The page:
RELATED APPLICATIONS

This application is a continuation of U.S. patent application Ser. No. 09/401,375, entitled IMPROVED METHOD AND SYSTEM FOR MEASURING MULTIPHASE FLOW USING MULTIPLE PRESSURE DIFFERENTIALS (which is a continuationinpart of U.S. patent application Ser. No. 08/937,120 filed Sep. 24, 1997, now abandoned), filed Sep. 22, 1999, and incorporated herein in its entirety by this reference.[0001]

[0002] This invention was made with United States Government support under Contract No. DEAC07 94ID13223, now Contract No. DEAC0799ID13727 awarded by the United States Department of Energy. The United States Government has certain rights in the invention.
BACKGROUND OF THE INVENTION

1. Field of the Invention [0003]

The present invention relates to a flow meter for measuring the flow of very high void fraction multiphase fluid streams. More particularly, the present invention relates to an apparatus and method in which multiple pressure differentials are used to determine flow rates of gas and liquid phases of a predominantly gas fluid stream to thereby determine the mass flow rate of each phase. [0004]

2. State of the Art [0005]

There are many situations where it is desirable to monitor multiphase fluid streams prior to separation. For example, in oil well or gas well management, it is important to know the relative quantities of gas and liquid in a multiphase fluid stream, to thereby enable determination of the amount of gas, etc. actually obtained. This is of critical importance in situations, such as offshore drilling, in which it is common for the production lines of several different companies to be tied into a common distribution line to carry the fuel back to shore. While a common method for metering a gas is to separate out the liquid phase, such a system in not desirable for fiscal reasons. When multiple production lines feed into a common distribution line, it is important to know the flow rates from each production line to thereby provide an accurate accounting for the production facilities. [0006]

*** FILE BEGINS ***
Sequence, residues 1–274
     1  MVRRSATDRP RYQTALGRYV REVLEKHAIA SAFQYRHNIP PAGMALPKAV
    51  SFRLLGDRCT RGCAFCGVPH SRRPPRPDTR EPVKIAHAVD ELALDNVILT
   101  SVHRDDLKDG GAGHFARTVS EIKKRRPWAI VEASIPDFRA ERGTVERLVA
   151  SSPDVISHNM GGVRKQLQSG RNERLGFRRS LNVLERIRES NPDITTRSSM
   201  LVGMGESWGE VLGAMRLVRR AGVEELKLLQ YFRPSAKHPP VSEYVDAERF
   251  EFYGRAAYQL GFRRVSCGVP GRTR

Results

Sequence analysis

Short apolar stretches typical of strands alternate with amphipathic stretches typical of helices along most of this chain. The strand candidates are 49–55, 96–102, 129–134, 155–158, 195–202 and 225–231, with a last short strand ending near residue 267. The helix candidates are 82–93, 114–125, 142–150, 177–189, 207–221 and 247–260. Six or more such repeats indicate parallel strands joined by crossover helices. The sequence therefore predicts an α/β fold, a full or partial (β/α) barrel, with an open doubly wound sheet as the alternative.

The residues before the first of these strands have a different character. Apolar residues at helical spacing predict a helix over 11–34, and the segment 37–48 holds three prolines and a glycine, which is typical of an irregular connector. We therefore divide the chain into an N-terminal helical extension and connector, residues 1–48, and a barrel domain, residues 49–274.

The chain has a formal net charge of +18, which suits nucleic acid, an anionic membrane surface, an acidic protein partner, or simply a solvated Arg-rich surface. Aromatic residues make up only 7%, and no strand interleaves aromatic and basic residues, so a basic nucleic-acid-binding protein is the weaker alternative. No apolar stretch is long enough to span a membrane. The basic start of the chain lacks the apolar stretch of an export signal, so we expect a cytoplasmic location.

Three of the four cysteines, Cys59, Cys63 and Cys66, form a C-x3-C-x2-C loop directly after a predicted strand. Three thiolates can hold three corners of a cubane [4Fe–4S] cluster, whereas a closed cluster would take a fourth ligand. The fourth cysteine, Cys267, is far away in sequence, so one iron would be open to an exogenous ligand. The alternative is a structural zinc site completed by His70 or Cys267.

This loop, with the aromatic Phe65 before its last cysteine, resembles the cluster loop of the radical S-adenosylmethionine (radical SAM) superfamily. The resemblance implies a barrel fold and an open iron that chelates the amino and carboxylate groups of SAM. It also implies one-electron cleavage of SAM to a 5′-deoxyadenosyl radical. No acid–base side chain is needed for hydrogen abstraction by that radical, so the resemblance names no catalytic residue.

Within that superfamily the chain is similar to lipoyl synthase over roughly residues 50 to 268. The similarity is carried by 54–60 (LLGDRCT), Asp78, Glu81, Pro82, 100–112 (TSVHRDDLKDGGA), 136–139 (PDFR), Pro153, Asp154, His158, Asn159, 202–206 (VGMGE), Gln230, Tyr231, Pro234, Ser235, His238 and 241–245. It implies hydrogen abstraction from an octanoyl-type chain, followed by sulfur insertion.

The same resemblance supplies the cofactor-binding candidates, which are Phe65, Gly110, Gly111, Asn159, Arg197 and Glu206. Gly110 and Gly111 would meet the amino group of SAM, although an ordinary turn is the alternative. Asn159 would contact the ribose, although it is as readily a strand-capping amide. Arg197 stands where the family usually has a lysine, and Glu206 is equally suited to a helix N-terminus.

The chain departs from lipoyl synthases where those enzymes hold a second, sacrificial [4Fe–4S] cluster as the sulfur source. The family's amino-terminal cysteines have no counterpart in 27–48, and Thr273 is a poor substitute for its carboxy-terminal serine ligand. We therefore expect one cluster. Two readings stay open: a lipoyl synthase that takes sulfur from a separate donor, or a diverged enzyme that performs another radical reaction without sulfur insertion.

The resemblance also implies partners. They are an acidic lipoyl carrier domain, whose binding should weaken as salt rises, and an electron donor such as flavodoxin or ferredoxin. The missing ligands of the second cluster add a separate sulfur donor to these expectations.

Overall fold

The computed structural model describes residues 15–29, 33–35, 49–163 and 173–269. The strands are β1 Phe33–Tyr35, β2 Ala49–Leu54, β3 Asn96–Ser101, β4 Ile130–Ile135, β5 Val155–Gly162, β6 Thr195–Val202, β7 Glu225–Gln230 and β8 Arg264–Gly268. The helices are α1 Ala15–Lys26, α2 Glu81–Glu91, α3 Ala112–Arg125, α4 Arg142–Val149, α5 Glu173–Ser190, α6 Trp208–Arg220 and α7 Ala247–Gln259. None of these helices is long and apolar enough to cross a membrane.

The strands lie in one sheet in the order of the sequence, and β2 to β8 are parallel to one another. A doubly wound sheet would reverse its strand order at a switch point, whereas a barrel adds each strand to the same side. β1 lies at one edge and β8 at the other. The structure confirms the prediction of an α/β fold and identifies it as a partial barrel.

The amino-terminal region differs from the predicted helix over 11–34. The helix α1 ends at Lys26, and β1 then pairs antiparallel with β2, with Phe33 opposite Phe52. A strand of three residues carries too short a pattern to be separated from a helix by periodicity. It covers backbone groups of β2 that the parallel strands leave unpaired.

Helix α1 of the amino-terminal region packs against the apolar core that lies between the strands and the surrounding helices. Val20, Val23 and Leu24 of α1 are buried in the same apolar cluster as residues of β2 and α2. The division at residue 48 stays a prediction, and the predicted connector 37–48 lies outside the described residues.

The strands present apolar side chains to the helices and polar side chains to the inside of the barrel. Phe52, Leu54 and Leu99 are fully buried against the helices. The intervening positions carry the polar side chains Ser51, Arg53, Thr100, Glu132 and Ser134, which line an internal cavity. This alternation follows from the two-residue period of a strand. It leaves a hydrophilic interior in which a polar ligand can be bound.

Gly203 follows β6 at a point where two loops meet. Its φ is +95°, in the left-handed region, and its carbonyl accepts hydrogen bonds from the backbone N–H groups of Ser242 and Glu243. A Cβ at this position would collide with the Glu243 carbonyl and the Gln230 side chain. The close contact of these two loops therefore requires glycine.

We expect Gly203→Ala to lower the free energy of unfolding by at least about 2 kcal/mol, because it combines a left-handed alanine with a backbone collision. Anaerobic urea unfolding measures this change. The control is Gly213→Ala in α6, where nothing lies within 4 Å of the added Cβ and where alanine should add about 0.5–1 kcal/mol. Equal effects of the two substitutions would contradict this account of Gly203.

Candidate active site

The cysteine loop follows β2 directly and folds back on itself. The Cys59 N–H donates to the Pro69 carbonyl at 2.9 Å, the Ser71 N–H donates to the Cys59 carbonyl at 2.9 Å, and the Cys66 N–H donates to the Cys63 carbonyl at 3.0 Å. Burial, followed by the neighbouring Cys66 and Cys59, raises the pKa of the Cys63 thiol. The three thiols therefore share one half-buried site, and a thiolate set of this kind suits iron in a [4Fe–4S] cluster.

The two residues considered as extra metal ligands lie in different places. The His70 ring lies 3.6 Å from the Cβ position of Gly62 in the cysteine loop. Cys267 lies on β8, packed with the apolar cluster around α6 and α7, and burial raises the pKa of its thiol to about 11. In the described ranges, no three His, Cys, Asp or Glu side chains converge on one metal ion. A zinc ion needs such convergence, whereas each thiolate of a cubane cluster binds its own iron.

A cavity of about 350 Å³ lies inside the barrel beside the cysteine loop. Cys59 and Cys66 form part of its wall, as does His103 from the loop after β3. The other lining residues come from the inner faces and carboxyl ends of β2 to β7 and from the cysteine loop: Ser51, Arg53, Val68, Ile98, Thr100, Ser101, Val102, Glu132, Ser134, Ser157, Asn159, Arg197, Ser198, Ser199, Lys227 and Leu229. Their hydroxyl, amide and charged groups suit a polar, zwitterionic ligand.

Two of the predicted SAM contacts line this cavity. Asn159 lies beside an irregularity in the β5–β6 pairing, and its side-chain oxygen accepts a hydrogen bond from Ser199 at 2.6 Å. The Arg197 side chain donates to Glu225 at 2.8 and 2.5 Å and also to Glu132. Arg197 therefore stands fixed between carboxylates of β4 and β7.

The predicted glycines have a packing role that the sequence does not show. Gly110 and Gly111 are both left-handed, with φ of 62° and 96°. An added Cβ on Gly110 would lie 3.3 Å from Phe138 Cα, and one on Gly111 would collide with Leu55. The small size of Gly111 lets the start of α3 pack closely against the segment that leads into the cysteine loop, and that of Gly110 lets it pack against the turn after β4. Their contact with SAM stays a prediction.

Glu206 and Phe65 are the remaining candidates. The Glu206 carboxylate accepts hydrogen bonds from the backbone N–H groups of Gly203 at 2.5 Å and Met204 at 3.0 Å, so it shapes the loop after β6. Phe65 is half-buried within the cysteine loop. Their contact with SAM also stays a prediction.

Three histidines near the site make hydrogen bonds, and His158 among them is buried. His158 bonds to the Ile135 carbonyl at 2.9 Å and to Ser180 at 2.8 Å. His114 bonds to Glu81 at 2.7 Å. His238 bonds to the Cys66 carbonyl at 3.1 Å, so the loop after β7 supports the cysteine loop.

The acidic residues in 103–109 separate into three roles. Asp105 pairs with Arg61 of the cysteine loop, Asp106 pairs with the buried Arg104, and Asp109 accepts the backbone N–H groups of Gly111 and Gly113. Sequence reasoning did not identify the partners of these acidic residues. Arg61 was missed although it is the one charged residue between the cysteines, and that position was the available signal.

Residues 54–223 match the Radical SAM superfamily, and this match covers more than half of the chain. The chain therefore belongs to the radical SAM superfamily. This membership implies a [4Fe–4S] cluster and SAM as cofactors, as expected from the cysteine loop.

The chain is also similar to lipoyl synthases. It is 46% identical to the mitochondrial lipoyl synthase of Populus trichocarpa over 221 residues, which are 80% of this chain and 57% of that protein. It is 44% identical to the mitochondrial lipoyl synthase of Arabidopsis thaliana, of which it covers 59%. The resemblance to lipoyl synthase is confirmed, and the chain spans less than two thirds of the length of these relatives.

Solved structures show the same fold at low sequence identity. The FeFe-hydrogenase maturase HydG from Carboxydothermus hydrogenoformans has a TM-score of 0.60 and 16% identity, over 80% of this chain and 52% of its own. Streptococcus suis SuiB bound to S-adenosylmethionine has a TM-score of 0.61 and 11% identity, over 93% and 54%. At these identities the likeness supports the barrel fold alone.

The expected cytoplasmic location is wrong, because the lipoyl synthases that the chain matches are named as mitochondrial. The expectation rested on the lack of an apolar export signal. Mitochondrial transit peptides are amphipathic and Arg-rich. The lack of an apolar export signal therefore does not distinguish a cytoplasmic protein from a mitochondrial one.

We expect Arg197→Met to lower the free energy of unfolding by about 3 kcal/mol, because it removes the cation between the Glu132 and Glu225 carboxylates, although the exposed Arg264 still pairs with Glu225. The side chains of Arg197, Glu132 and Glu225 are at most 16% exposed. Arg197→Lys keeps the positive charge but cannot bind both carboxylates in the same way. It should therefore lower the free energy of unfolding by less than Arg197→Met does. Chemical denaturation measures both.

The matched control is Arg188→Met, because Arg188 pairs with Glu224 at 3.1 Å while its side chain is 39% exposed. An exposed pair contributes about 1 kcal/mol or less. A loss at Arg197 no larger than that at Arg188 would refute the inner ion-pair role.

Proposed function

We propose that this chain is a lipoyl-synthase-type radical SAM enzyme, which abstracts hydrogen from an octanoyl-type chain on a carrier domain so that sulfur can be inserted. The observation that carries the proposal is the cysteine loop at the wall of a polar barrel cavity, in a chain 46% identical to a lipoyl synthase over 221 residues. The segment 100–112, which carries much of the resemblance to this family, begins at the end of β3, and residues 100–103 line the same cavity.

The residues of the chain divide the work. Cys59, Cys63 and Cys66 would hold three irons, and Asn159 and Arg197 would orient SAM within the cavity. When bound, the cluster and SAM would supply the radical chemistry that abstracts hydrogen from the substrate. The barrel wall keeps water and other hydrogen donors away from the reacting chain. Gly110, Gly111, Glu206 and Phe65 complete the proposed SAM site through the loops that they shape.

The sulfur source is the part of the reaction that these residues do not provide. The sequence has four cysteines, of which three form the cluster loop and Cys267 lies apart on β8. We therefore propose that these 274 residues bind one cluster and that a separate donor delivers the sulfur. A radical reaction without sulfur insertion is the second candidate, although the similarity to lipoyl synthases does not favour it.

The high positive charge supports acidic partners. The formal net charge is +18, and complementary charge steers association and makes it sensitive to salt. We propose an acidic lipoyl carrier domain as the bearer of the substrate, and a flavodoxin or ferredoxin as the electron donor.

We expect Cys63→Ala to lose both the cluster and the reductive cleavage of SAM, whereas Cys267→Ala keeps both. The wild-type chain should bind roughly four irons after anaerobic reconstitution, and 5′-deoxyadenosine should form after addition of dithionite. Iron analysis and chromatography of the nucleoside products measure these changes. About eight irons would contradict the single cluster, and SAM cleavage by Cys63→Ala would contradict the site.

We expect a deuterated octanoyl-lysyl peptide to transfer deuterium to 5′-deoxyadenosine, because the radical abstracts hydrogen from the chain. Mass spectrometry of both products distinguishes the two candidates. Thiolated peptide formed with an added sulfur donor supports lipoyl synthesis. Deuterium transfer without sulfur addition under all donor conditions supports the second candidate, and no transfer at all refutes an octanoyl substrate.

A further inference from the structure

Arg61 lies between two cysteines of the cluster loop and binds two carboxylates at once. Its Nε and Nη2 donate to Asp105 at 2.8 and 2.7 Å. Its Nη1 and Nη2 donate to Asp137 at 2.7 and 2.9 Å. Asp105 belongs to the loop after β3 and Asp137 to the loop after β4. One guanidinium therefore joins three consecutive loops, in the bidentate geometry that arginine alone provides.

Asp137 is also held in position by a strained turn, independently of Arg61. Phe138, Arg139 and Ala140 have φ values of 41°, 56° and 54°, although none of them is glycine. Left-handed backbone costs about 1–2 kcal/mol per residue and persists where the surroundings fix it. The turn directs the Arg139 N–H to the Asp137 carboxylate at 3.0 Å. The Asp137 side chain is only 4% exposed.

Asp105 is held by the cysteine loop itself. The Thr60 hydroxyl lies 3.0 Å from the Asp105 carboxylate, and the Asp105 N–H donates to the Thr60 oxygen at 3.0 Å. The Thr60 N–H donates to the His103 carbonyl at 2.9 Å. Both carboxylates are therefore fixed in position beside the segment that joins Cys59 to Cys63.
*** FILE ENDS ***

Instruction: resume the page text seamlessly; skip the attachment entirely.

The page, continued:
In recent years, the metering of multiphase fluid streams prior to separation has achieved increased attention. Significant progress has been made in the metering of multiphase fluids by first homogenizing the flow in a mixer then metering the pseudo single phase fluid in a venturi in concert with a gamma densitometer or similar device. This approach relies on the successful creation of a homogenous mixture with equal phase velocities, which behaves as if it were a single phase fluid with mixture density {overscore (ρ)}=αρ[0007] _{g}+(1−α)ρ_{l }where α is the volume fraction of the gas phase, and ρ_{g }is the gas phase density and ρ_{1 }is the liquid phase density. This technique works well for flows which after homogenizing the continuous phase is a liquid phase. While the upper limit of applicability of this approach is ill defined, it is generally agreed that for void fractions greater than about ninety to ninetyfive percent (9095%) a homogenous mixture is difficult to create or sustain. The characteristic undisturbed flow regime in this void fraction range is that of an annular or ring shaped flow configuration. The gas phase flows in the center of the channel and the liquid phase adheres to and travels along the sidewall of the conduit as a thick film. Depending on the relative flow rates of each phase, significant amounts of the denser phase may also become entrained in the gas phase and be conveyed as dispersed droplets. Nonetheless, a liquid film is always present on the wall of the conduit. While the liquid generally occupies less than five percent (5%) of the crosssectional volume of the flow channel, the mass flow rate of the liquid may be comparable to or even several times greater than that of the gas phase due to its greater density.

The fact that the phases are partially or fully separated, and consequently have phase velocities which are significantly different (slip), complicates the metering problem. The presence of the liquid phase distorts the gas mass flow rate measurements and causes conventional meters, such as orifice plates or venturi meters, to overestimate the flow rate of the gas phase. For example the gas mass flow can be estimated using the standard equation